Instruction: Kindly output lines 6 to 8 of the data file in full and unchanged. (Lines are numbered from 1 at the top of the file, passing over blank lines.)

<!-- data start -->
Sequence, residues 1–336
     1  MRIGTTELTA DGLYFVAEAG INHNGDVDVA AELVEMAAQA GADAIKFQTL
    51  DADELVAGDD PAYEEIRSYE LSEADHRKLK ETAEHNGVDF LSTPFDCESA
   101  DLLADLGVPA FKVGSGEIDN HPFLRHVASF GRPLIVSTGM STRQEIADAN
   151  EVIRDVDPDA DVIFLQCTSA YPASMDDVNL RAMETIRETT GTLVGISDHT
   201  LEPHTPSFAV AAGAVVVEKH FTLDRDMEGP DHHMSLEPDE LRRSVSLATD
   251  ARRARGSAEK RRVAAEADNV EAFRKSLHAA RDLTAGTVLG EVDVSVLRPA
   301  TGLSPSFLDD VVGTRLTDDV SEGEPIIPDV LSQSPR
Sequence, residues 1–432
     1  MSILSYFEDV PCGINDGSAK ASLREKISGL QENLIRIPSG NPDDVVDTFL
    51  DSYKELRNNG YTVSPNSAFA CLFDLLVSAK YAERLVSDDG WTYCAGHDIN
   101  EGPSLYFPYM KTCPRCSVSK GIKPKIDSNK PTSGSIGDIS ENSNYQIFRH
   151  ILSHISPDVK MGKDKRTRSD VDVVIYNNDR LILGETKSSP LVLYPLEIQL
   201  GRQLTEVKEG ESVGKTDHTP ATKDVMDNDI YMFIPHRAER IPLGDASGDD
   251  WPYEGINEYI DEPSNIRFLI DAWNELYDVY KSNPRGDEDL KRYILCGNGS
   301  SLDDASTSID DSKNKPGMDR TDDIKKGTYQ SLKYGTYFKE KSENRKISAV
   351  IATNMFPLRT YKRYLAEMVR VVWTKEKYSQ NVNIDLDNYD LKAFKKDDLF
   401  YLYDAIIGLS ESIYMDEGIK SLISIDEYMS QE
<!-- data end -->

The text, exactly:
   201  LEPHTPSFAV AAGAVVVEKH FTLDRDMEGP DHHMSLEPDE LRRSVSLATD
   251  ARRARGSAEK RRVAAEADNV EAFRKSLHAA RDLTAGTVLG EVDVSVLRPA
   301  TGLSPSFLDD VVGTRLTDDV SEGEPIIPDV LSQSPR